Quick tips for incorporating fresh produce into your meals
* Choose the produce with the richest fragrance, brightest colors and best price.
* Fruit and vegetables tend to be the cheapest and most abundant when they are at their peak, so go ahead and buy a bushel.
* Most fruits and veggies taste best when eaten raw or simply cooked — grilled, steamed or sauteed. And don’t forget to accent all that flavor with fresh herbs. But whatever you do, be sure to not overcook the goodness away.
* Fresh corn on the cob only needs to boil for a few minutes, so that it will keep its delicate sweetness and satisfying crunch: Simply bring the water to a boil and dunk that corn for no more than two to three minutes. Or for a summertime treat that will really tickle your taste buds, try shaving raw corn off the cob and tossing it in a delightful bean salad or with fresh salsa.
* Never refrigerate tomatoes, because they will loose their intense flavor and become mushy and mealy. Tomatoes love balmy temperatures and room temperature is the best way to store them. Toss chopped fresh tomatoes in salads, warm pasta, open-faced sandwiches or over bruschetta—no cooking needed.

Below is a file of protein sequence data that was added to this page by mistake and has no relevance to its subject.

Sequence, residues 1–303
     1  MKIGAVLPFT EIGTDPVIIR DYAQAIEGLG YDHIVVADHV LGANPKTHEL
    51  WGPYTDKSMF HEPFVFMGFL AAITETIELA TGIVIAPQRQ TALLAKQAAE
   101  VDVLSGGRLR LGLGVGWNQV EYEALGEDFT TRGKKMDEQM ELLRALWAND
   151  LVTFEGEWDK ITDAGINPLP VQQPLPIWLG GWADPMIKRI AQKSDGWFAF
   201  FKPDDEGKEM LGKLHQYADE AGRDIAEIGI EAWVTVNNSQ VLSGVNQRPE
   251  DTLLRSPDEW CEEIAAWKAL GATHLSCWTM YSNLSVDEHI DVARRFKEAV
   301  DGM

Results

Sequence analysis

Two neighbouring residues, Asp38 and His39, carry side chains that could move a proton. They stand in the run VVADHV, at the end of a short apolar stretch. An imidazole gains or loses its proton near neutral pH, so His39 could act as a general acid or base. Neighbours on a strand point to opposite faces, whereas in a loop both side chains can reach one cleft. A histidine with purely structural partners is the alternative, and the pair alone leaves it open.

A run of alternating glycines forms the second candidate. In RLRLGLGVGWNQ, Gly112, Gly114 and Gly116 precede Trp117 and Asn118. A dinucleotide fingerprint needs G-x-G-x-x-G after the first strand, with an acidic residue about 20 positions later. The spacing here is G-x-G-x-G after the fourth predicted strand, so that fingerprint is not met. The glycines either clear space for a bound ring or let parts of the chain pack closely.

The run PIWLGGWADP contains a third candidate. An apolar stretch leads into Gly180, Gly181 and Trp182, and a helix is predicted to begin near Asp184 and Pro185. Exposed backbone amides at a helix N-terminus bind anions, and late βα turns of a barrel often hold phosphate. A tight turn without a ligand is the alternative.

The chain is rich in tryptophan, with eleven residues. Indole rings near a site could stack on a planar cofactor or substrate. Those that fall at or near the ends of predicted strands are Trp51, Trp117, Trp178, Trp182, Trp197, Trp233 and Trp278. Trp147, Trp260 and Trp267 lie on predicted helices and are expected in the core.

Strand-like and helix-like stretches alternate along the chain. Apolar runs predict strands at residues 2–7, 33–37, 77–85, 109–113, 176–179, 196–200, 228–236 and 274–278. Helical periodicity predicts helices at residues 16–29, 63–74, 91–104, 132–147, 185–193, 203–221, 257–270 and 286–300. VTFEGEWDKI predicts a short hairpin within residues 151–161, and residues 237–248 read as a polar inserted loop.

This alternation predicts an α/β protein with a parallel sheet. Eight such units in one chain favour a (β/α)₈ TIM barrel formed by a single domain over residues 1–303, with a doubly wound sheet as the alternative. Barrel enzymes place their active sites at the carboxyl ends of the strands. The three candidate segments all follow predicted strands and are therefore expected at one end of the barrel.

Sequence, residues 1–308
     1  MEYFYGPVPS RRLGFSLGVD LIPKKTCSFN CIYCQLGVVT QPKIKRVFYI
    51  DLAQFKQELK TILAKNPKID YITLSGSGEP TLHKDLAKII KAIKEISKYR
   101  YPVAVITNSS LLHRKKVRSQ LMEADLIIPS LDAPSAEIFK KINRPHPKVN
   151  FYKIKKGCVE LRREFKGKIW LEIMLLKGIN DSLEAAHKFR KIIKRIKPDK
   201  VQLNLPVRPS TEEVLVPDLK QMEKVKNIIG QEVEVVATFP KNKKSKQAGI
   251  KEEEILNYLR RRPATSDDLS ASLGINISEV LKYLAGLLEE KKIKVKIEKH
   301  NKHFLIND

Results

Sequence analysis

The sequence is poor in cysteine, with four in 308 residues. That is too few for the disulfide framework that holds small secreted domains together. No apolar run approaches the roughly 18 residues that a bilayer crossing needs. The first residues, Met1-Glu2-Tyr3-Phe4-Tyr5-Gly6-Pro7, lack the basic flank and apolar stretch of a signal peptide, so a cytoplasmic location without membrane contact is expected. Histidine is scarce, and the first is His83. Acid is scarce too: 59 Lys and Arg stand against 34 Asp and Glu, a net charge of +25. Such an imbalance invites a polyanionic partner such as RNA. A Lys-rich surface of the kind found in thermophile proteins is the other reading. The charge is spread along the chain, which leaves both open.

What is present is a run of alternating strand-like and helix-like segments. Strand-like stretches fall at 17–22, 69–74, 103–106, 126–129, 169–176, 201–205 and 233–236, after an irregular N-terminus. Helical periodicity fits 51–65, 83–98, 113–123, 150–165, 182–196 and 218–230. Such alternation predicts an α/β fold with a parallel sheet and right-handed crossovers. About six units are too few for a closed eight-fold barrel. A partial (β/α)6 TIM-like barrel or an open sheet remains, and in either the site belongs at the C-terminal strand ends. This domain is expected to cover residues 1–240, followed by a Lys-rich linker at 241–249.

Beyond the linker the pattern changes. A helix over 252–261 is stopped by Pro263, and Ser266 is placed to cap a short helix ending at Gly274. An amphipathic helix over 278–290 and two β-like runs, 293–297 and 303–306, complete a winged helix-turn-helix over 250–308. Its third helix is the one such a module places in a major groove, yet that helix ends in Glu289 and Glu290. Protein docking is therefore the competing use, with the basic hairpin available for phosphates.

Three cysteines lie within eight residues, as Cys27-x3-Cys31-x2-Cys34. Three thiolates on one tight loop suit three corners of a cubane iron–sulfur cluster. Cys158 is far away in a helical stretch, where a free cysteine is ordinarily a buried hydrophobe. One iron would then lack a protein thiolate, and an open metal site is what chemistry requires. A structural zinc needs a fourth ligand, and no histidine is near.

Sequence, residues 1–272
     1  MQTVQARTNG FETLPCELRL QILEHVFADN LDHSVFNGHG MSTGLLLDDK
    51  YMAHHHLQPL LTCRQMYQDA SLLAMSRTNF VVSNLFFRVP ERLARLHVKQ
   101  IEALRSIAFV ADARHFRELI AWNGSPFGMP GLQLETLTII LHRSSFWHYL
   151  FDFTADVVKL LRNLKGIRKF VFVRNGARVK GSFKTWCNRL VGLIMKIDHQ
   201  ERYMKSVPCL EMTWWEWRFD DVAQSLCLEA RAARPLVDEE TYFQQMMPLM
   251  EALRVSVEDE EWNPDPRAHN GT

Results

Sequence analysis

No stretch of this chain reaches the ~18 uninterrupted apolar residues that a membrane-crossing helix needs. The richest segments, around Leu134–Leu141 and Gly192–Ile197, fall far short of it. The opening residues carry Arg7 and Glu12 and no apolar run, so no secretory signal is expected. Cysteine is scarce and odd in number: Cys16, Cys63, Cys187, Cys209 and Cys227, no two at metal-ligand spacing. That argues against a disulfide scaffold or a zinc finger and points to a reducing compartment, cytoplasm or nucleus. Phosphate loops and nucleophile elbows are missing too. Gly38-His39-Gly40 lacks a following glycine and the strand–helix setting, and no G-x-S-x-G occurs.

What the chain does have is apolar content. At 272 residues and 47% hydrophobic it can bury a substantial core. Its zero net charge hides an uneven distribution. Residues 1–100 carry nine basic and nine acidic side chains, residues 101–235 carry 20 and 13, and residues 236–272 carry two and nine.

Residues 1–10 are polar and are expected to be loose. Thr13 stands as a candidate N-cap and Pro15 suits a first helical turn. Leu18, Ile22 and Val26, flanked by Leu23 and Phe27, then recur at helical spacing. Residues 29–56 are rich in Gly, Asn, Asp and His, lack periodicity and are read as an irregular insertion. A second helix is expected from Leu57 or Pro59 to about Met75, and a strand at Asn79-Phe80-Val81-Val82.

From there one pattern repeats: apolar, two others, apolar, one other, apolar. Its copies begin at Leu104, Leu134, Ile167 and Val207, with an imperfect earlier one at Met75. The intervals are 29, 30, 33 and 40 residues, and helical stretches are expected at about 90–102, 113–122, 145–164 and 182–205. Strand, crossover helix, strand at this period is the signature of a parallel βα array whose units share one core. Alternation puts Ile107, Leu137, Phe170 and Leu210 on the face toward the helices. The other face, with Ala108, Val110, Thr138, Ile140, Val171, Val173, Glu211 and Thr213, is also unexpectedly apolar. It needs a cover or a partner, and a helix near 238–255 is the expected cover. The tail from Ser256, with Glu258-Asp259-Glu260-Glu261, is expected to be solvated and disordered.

* Tell me more about red peppers: Red sweet peppers are simply green peppers that have matured and changed color. Fresh red peppers are high in vitamin C and are also a good source of vitamin A and potassium.
* Tell me more about honeydew melon: Buy honeydew with a smooth, velvety surface and a creamy white or yellow rind. Avoid honeydew with a stark-white rind tinged with green, as these are likely to be unripe. For maximum flavor and juiciness, keep honeydew at room temperature for a few days before serving or using in recipes. When ripe, use immediately or refrigerate.